A plangent, lovely, melancholy treat, so special for its unexpectedness. Repetition, cadence, restraint, imagination: I was entranced and determined to read all his other work.

Kate Holden, The Australian 19 December 2015

Holland, an esteemed travel writer along the lines of Chatwin, has given us a work that explores home, exile and transience through the journey of a sixth-century monk. Navigating through oceans of Celtic and Christian mythology, we never discover if this purgatory is real or imagined until there’s a flash of the metafictive, with a man stranded in contemporary transit. It’s a typical stroke in an ambitious and surprising book from one of Australia’s most exciting writers.

Luke May, Readings Monthly November 2014

Yet Navigatio has a postmodern sense of the broader lives and interlinked fates of books. In one of the many lands they visit, the men find an old soldier; like one of Borges’s heroes, he has forgotten his own life, which has become a kind of dream. A little later, the same visit is repeated — along with hypnotic snatches of the same text. This time, on a shelf in the soldier’s kitchen, Brendan finds a slim volume called Navigatio, and the men are seduced into staying. Still the journey continues, and time keeps bending: between enchanted cities and visions the pilgrims drift beneath the bridges of Ho Chi Minh City; Brendan finds himself transformed into a bored traveller in Japan’s Kansai airport.
Holland gives us St Brendan as eternal archetype. His journey is all holy. His book is itself a risky act of faith, its prose so trim and limpid that it depends for its effect on its sheer translucency. My reaction veered between admiration and ambivalence, especially in the later pages. Yet on closing the book I did feel I had experienced something true and strange.

Delia Falconer, The Australian 13 December 2014

Having had the pleasure of reading Holland’s inquiring and profound collection of travel essays Riding the Trains in Japan and experiencing the philosophical depths of his novel The Darkest Little Room, it is seems almost logical that Navigatio was born from the same mind.
Navigatio is far from a retelling of a monk’s fabled adventure. It is an original, stylistic extrapolation from a writer of great talent and passion for travel and literature, and exploring the space where those two things meet. 

Joanne P, http://bookloverbookreviews.com/

Patrick Holland’s Navigatio tells the story of Saint Brendan, a monk in early-Christian Ireland who embarks on a sea-bound pilgrimage. The religious nature of this premise offers Holland a degree of freedom from historical realism, and the oceanic regions explored by Brendan are thereby conceived as a realm of mythic and apocalyptic imagination. Brendan’s own pious heroism appears to be modelled on figures of classical mythology, as well as on the invincible heroes of Christian epic literature. The perils he faces are a fascinating blend of pagan and Christian lore, combined with a blurring of dream and reality that is facilitated through Holland’s distinctive style. The chief literary mode that Holland uses in Navigatio is that of modernism. Many of the novel’s passages might call to mind James Joyce’s Ulysses or the poetry of e. e. cummings. Yet, such devices do not appear to be pursued solely for their literary value, but rather for the visual possibilities they offer. Indeed, much of Holland’s text appears to invite the reader to consider the page as a canvas that uses language as its medium; it is clear that the book is conceived as a collaborative dialogue between literary and visual This visual element is most prominently represented in the exquisite watercolour illustrations by Junko Azukawa that encircle Holland’s narrative. These images, unmistakably drawn from the traditions of Japanese art, might be expected to produce a cultural dissonance in a novel about a sixth-century Celtic monk–mariner. Yet they act as a natural counterpoint to Holland’s own visually crafted language, and the diversity of these elements highlights the extent to which a modern literary text may be influenced by a range of cultural traditions. In this regard, Navigatio is able to exceed the sometimes mannered modernism of its literary text, and positions itself more convincingly as a work of postmodern imagination.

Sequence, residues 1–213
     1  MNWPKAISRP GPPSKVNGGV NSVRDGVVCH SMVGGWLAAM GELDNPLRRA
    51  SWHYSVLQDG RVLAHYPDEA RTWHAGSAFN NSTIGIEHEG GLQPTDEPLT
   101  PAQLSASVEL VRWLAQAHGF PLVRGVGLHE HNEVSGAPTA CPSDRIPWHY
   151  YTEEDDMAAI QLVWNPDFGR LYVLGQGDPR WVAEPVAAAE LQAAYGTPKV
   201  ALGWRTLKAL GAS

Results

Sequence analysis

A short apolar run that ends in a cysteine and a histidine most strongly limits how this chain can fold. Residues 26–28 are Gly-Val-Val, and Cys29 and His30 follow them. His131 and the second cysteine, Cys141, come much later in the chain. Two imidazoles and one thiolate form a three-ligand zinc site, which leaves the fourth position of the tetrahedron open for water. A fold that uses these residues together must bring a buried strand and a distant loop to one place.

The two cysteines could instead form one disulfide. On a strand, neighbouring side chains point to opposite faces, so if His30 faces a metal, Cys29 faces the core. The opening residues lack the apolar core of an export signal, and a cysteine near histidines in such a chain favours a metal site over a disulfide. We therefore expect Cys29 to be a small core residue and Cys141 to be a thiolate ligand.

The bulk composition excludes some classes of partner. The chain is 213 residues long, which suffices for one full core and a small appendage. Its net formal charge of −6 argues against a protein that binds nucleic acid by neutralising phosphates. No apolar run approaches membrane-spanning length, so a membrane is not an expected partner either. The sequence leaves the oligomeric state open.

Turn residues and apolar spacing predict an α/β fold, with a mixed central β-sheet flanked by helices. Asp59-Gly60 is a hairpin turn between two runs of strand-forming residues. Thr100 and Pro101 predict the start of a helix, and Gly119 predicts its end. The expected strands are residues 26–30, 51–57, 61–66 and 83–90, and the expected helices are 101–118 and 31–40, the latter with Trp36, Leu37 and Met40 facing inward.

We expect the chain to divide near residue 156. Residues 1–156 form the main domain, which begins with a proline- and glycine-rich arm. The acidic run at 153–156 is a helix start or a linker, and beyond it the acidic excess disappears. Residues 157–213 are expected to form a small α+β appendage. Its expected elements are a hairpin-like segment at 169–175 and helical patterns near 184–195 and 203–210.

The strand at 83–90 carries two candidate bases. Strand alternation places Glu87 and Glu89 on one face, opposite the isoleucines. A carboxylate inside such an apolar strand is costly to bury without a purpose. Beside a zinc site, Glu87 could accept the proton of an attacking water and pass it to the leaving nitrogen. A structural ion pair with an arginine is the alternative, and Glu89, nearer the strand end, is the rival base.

Christian Griffiths, Australian Book Review December 2014

Navigatio is an enchanting book. Derived from an ancient text called the Navigatio, Patrick Holland’s novella is a retelling of the legendary voyage of St Brendan of Clonfert, and it follows the form of the Irish immram: Irish immram flourished during the seventh and eighth centuries. Typically, an immram was a sea-voyage in which a hero, with a few companions, often monks, wanders from island to island, meets other-world wonders, and finally returns home. The story of Brendan’s voyage, developed during this time, shares some characteristics with immram. Like an immram, the Navigatio tells the story of Brendan, who, with some companion monks, sets out to find the terra repromissionis sanctorum, the Promised Land of the Saints or the Earthly Paradise. *chuckle* I can almost see some readers thinking, ‘um, why would I want to read that?’ Trust me, it’s gorgeous. It’s a quiet, contemplative meditation on a spiritual quest that takes a temporal form, and I loved reading it in the frantic rush up to the end of the year when work overwhelms and the pressure to do stuff for Christmas wreaks its inexorable hold on everything. Holland’s writing is sublime, and he takes you away from all that chaos into a dream world of myth where simplicity reigns. We need books like this. Books that remind us that despite the enormity and malevolence of the cosmos, there is peace to be had. 

Lisa Hill, http://anzlitlovers.com

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